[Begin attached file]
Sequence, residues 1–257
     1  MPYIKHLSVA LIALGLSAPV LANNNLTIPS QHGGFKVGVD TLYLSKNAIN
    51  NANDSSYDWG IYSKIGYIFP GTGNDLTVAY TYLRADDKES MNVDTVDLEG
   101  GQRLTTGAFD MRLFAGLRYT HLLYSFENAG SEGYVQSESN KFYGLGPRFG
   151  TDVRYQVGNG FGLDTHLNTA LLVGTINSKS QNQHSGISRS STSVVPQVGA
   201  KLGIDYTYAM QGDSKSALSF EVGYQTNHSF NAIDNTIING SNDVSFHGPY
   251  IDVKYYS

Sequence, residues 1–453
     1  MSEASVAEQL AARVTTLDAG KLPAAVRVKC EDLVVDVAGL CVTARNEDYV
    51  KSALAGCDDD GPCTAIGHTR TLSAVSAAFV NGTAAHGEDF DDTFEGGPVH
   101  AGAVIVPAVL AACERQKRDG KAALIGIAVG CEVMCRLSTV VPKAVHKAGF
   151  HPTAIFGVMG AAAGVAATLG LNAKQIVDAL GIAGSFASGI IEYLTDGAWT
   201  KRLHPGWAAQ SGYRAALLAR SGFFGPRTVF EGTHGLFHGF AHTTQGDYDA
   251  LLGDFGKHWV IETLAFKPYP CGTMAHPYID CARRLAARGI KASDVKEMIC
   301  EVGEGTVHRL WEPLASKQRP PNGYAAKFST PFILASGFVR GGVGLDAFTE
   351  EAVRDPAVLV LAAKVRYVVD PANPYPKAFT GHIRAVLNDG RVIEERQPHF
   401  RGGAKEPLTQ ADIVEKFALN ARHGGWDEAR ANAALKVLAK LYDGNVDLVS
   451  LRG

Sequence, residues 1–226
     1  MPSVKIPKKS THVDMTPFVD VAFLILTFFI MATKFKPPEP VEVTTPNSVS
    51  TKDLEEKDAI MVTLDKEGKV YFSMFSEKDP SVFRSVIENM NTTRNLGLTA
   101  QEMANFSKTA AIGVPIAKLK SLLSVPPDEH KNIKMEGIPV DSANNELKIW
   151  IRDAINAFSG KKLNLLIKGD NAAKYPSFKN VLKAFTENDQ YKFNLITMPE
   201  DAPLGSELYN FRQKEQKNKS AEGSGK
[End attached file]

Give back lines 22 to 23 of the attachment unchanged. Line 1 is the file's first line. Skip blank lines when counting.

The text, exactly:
   101  QEMANFSKTA AIGVPIAKLK SLLSVPPDEH KNIKMEGIPV DSANNELKIW
   151  IRDAINAFSG KKLNLLIKGD NAAKYPSFKN VLKAFTENDQ YKFNLITMPE